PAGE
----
This is quite possibly the biggest “but” I get when I talk about intuitive eating (IE) or health at every size (HAES). "But what about nutrition” because there is an assumption that these compassionate and sustainable approaches to health are uninterested or ignore what people are putting into their bodies.
The short answer is that they don’t ignore nutrition at all.
The longer answer is that these practices teach us to approach our health from a place of personal power rather than from dogma and to recognize the many factors that impact our health - not just food. It’s not until we can connect with the things we actually need and learn to manage our mental and emotional lives without food that we can approach nutrition from a place of self-compassion rather than another attempt at controlling the uncontrollable.
We are all, even those of us who practice IE and HAES, steeped in a culture that celebrates thin bodies, celebrates any weight loss (even if it’s a result of illness), passes judgement on people who have bigger bodies, mask our thin desire by being concerned about health and where weight loss is a multi-billion dollar industry. An industry that has been proven to provide short term results, declined health and ultimately leads to weight gain.
Amongst all of that noise and all of those contradictory rules, hyper-focusing on nutrition or making it the #1 priority seems to be both the problem and the solution.
Part of the process in adopting intuitive eating and learning about health at every size is becoming attuned to your own body so that when something needs changing you have the power to change it or find the support you need to change it. After sifting through the layers of dogma and mistrust of our own bodies, you can learn to listen to your body, it can be an ally instead of the enemy.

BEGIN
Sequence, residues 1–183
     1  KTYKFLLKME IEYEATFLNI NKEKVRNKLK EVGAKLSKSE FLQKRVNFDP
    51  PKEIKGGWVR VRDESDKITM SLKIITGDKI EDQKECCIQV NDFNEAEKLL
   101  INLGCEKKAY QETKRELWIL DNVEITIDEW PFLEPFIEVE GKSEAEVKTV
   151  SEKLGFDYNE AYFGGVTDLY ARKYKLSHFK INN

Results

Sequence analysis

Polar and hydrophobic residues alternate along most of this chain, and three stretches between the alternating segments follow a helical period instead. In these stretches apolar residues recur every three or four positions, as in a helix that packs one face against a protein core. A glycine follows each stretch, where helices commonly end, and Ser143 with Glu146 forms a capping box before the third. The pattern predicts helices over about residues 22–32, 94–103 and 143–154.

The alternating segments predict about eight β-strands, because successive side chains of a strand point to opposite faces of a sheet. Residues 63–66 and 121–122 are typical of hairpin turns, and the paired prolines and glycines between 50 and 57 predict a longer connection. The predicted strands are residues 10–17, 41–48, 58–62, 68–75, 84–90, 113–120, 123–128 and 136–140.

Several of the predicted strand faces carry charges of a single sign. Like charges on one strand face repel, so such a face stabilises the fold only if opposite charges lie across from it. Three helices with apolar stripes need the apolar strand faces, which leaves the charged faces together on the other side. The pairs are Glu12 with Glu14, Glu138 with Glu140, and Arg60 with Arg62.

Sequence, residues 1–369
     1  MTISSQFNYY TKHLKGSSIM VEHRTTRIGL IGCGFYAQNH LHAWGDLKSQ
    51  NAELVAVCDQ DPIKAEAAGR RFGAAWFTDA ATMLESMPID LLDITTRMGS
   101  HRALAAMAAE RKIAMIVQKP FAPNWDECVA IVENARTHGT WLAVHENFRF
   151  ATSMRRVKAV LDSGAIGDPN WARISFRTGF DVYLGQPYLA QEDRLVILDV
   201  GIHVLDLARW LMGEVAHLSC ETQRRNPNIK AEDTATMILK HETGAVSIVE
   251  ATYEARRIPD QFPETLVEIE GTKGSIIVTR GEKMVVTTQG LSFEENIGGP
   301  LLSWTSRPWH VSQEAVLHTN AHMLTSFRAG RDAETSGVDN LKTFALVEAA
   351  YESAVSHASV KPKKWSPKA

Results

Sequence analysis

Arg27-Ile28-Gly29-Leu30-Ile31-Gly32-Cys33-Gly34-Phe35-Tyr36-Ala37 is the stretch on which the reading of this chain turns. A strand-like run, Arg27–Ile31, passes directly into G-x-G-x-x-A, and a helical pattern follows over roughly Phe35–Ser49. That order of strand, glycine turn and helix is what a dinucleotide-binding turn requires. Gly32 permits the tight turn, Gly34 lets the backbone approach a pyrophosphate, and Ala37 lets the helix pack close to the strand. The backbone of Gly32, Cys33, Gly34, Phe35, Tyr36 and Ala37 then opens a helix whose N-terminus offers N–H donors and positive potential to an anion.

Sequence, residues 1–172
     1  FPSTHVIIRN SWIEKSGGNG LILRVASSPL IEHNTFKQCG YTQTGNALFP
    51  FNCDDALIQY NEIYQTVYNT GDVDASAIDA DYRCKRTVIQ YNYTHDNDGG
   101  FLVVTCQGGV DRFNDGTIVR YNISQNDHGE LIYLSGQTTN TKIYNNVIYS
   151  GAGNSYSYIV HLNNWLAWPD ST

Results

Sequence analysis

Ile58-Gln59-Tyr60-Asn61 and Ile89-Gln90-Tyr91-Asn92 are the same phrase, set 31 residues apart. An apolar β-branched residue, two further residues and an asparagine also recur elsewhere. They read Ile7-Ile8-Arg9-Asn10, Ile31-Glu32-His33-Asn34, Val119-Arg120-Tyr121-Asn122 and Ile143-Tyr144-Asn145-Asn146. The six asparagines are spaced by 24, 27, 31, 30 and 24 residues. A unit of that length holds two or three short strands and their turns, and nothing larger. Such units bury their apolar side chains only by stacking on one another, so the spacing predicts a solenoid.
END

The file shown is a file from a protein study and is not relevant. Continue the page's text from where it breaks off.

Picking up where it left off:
After doing the work of intuitive eating you begin see nutrition through a different lens.
A lens that is less judgmental, more sustainable and enjoyable, that easily recognizes what foods feel good and is at ease balancing “work” foods with “play” foods. If our body needs a specific adjustment, we do it out of acceptance and respect.
It’s amazing how different the landscape of eating and nutrition becomes when eating perfectly is no longer there to create pressure, stress and guilt. When we can give ourselves full permission to learn about our bodies, we get to be in the drivers seat again.
You don’t need much to start this journey besides awareness, an open heart and curious mind. It’s cultivating a relationship with yourself rather than micromanaging yourself.
Today can you simply notice how you’re feeling, ask yourself if there is anything you need that sounds good? When you eat, ask yourself how the food makes you feel? What does it feel like to eat ____ for breakfast? What about eat ____ for dessert?
What did you notice? I’d love to hear and if you’re interested in taking a closer look at this work, I’d be happy to share more with you.